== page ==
Sadly, you’re getting out of date, and I’ll eventually have to shelve you with your older brother and go for the sexy younger man — the 2009 AP Stylebook. Don’t worry, though. I think I’ll donate you to the journalism department at my old high school. You can help younger journalists appreciate the delicate mechanics of AP style. Hell, when I was 15 and in my first journalism class, I heard “style” and pictured stories in cocktail dresses and tuxedos.

You’ve been a good friend, and whatever happens next, we had a good run.

Love,

Kels

Foreign languages, je t’aime

When I discussed deferring grad school with my parents, one of my mother’s conditions was that I do something worthwhile in my time off. A couple of days ago, I enrolled in French at the local community college for the spring semester.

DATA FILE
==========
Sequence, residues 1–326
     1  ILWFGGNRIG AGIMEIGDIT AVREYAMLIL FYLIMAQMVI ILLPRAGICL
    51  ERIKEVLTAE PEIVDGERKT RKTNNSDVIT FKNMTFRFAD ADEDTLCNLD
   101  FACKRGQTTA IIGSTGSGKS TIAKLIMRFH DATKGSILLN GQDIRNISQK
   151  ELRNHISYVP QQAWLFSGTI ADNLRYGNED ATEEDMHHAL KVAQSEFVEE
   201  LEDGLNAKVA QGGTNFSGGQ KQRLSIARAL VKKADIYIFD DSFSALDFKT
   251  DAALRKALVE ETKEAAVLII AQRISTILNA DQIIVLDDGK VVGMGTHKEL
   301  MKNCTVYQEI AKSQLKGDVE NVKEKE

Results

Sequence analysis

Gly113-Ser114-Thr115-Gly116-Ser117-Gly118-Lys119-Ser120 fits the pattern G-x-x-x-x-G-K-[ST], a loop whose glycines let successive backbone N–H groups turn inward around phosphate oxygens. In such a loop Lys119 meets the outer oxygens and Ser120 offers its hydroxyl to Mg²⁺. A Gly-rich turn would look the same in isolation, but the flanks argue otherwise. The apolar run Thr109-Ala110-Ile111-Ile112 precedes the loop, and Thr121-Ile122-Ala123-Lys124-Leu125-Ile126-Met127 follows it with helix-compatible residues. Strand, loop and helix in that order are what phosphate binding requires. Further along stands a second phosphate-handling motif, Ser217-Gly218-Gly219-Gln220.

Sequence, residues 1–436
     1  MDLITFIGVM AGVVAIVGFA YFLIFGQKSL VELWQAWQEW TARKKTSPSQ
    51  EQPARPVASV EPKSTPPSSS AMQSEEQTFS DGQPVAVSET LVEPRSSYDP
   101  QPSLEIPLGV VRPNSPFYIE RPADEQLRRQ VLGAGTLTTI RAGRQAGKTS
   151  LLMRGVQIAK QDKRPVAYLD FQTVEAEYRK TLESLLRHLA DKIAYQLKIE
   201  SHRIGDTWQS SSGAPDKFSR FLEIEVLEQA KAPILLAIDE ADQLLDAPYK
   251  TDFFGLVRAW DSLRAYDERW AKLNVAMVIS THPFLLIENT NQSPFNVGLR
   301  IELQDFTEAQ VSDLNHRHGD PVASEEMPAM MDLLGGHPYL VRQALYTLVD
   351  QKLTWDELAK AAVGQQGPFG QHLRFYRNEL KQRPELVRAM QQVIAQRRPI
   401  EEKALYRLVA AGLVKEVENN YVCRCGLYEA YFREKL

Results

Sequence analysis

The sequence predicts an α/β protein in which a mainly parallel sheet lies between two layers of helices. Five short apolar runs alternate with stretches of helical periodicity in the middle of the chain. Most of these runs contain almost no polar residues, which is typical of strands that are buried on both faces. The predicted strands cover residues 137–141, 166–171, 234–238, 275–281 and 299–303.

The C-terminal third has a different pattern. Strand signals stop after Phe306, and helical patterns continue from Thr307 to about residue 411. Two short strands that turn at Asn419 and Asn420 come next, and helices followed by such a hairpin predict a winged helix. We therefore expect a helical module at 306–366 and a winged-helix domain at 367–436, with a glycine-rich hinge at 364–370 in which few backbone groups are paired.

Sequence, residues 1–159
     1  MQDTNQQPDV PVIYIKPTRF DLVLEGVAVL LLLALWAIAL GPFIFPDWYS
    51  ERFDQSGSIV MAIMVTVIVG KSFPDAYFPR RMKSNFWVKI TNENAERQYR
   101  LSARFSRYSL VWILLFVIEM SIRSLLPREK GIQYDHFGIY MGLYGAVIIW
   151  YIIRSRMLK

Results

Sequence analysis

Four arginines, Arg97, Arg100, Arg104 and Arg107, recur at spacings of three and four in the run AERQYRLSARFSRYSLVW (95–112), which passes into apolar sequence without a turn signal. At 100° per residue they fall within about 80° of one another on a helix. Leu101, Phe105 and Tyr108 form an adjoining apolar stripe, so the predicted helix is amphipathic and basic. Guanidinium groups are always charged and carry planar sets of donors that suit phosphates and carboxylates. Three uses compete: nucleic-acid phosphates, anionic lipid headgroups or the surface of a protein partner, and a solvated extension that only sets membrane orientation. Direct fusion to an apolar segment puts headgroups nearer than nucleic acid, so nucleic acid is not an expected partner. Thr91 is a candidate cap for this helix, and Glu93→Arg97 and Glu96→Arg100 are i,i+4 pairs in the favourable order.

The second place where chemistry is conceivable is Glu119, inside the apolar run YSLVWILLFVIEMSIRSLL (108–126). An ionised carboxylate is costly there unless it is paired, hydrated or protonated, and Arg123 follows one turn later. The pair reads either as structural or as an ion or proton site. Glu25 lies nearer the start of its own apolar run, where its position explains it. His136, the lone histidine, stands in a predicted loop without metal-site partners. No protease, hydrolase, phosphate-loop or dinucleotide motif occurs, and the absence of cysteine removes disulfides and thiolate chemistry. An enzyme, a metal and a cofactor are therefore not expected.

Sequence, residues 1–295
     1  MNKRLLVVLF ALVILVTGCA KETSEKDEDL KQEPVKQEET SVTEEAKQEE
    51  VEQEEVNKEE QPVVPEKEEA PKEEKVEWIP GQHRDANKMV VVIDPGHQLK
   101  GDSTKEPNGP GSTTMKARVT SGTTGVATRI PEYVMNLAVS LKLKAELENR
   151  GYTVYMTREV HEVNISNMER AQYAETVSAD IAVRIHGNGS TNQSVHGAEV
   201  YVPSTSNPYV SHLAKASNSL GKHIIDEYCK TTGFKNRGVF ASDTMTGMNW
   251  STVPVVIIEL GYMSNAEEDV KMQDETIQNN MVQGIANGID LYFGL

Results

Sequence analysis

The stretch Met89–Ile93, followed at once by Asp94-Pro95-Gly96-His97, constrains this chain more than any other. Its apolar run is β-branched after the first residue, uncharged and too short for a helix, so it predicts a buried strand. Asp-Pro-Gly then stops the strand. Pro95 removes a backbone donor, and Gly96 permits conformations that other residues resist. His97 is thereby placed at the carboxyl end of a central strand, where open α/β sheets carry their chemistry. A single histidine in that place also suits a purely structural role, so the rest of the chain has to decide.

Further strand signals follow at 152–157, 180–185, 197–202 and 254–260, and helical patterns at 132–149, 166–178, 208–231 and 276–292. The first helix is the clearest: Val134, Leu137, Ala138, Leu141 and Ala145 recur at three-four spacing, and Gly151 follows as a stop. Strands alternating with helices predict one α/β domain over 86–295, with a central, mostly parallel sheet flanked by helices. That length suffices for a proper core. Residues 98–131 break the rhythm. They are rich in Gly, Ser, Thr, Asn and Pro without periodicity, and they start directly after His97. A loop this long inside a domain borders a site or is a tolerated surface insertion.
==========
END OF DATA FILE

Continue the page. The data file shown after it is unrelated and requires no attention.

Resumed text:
My foreign language, for the purpose of formal education in high school and college, is German. My mother’s family is German, so the language has always had cultural significance for me. I haven’t had the chance to use my German in quite a while, but I’m confident that if I spent any significant amount of time in Germany, I could get back up to snuff and maybe eventually become fluent.

But now, especially because I’m focusing so much on the European Union at school next year, I think that I should probably be at least somewhat familiar with all three primary EU languages.

My earlier experience with French is limited to about a week and a half spent in Paris, Nice and Monaco. I got the absolute basics down (hello, good-bye, excuse me, please and thank you) and knew well enough how to order food (except for that one time when I ordered fish when I meant chicken).